Dealing with disappointment

I’m spending a lot of time on my own these days. Himself is away and with no one to talk to but myself, conversation is at a minimum. I find my mind taking strange turns as I decide what to cook or whether to cook at all. I’ve great plans to adopt habits that might just take root if there are no distractions. Back into the walking. Knocking back that shot of vinegar that comes with its mother (who knew!) and will supposedly relieve me of my aches and pains while lowering my cholesterol. Not reading in bed. Giving the whole intermittent fasting thing another go.

I’m aware of latent anxiety stemming from multiple sources and I’m doing my best not to let it get a grip on me. And in doing so, I find myself getting inordinately excited about little things.

Last Christmas, I ordered Joe Joyce’s Echo series from the wonderful Secret Bookstore in Dublin (free delivery in Ireland over €20). I gave them to my dad and when he’d read them and mam had read them, they were left in my room waiting for me. Kindleless the last time I was home, I devoured all three and enjoyed each one.

They’re set in Ireland in 1939-1941. Our hero, Lieutenant Paul Duggan, works in the intelligence unit of the Irish Army. His mate is a garda with the Special Branch. They navigate the waters of neutrality with pressure from the Germans and the British and indeed the Americans to choose a side. The trilogy is a fascinating peek at life in Dublin during the war, the relationships that evolve, and the politics that come into play.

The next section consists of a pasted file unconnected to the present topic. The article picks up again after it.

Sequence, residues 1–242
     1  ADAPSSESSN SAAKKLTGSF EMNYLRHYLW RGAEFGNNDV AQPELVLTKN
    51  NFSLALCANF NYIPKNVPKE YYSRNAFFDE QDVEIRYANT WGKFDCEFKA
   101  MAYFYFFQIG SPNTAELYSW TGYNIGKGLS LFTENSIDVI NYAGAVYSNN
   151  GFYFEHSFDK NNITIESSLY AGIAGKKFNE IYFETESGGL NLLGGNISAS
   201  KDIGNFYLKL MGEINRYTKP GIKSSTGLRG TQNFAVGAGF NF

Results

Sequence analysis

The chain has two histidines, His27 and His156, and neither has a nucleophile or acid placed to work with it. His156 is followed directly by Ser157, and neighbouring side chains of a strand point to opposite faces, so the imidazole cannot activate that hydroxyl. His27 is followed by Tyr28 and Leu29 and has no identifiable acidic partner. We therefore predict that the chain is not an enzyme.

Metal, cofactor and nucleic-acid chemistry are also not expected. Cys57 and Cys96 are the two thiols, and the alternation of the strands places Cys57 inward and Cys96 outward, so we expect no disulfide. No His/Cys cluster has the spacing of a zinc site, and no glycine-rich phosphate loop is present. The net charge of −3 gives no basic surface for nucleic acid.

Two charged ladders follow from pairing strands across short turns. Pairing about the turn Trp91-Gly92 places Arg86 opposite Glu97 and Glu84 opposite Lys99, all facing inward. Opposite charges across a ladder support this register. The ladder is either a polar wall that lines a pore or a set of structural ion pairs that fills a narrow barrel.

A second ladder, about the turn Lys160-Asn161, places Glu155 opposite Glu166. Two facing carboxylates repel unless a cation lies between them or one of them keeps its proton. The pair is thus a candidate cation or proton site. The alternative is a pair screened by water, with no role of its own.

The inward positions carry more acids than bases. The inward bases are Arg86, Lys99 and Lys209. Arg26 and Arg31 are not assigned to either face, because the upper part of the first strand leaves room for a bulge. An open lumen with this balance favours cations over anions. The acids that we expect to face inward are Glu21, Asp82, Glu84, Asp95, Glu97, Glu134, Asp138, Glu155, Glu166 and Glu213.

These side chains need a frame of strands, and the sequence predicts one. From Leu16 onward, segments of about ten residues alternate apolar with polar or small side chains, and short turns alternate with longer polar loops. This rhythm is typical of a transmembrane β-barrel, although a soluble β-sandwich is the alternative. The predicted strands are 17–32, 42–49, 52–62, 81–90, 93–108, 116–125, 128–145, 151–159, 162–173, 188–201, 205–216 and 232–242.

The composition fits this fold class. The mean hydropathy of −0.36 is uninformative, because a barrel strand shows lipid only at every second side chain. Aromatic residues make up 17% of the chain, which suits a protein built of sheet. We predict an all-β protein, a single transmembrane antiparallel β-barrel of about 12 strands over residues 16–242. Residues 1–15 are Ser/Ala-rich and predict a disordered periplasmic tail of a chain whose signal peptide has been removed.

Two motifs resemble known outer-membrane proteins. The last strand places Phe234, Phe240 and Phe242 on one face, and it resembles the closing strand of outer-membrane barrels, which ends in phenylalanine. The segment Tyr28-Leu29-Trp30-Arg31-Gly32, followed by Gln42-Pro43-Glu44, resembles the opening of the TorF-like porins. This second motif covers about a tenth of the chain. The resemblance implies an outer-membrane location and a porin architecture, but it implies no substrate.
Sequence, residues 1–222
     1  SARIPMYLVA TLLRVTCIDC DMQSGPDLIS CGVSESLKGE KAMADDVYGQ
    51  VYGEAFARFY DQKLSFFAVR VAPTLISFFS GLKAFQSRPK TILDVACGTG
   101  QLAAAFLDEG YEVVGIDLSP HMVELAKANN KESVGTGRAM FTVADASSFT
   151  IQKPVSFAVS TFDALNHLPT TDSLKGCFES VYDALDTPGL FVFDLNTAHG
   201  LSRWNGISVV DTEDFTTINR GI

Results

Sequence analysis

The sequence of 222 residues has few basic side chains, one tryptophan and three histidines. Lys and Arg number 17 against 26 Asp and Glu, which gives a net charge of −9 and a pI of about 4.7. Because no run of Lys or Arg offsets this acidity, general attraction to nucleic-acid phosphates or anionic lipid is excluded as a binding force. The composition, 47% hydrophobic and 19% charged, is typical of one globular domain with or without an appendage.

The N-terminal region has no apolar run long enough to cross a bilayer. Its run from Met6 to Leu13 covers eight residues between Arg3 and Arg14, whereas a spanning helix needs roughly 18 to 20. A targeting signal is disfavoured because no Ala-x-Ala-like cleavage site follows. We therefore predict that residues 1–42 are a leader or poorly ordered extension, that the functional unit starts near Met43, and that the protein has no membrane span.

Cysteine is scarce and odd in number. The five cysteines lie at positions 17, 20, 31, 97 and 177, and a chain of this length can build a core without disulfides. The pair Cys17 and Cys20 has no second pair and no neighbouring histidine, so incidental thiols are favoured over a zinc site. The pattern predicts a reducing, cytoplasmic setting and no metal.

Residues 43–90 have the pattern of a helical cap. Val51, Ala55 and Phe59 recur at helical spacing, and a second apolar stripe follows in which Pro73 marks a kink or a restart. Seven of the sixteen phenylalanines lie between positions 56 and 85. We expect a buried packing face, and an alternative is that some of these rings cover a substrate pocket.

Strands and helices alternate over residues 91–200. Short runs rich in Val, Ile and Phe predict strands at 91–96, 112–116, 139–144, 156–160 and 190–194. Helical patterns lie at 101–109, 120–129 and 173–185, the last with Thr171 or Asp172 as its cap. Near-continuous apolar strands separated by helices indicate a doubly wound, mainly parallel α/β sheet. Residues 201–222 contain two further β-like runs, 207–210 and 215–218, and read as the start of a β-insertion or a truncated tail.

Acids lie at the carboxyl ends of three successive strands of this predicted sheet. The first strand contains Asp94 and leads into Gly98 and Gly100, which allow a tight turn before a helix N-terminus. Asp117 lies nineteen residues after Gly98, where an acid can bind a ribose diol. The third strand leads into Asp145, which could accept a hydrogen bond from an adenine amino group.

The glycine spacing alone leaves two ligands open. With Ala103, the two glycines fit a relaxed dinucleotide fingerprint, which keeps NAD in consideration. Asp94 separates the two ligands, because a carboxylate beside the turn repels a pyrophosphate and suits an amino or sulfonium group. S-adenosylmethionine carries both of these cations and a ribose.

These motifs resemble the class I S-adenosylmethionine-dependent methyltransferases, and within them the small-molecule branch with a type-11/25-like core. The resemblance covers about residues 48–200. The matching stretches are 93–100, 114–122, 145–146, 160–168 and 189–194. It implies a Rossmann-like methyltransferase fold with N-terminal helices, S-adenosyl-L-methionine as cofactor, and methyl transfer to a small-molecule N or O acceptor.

I had no idea of the importance of Lisbon or the role of the IRA and yes, I know it’s all fiction, but I trust Joe Joyce not to lead me astray.

Anyway, dithering around on my phone over the weekend, I was searching for Joe’s name and was sure I came across mention of a fourth book. I’d never actually heard the series referred to as a trilogy, I simply ordered what the Secret Bookstore had in stock. (They still have some copies.) I wasn’t quite prepared for the level of pure joy I experienced knowing that I’d have another couple of hours with Duggan and his mates. I gave thanks to the book gods and looked forward to downloading it once I’d finished with Jean Heller’s Deuce Mora (Book 3, Burning Rage, has me ready for the next table quiz that has any questions relating to Catherine O’Leary and the Great Fire of Chicago.)

Today, eagerly anticipating returning to 1940s Dublin, I discovered that there are only three – Echoland, Echobeat, and Echowave. I was so disappointed. So very, very, disappointed. I’m working through that disappointment, though, by visiting 1940s Ohio and spending time with M Ruth Meyers’ Maggie Sullivan.

I can’t begin to imagine life without my fictitious friends and the escape they offer.

 

 

2 Responses

  1. I recently had discourse with one of our Comms attendees about my very strong memory of seeing a photo of a U-Boat parked up on the Liffey during WW2. Subsequent research suggests this was probably not the case, although there are stories about U-Boat crews going ashore to enjoy Irish pub hospitality… Interesting times.

    1. I first read the same in a book about a young French girl who was stuck here during the war – it talked about U-boats fuelling off the west coast of Ireland.

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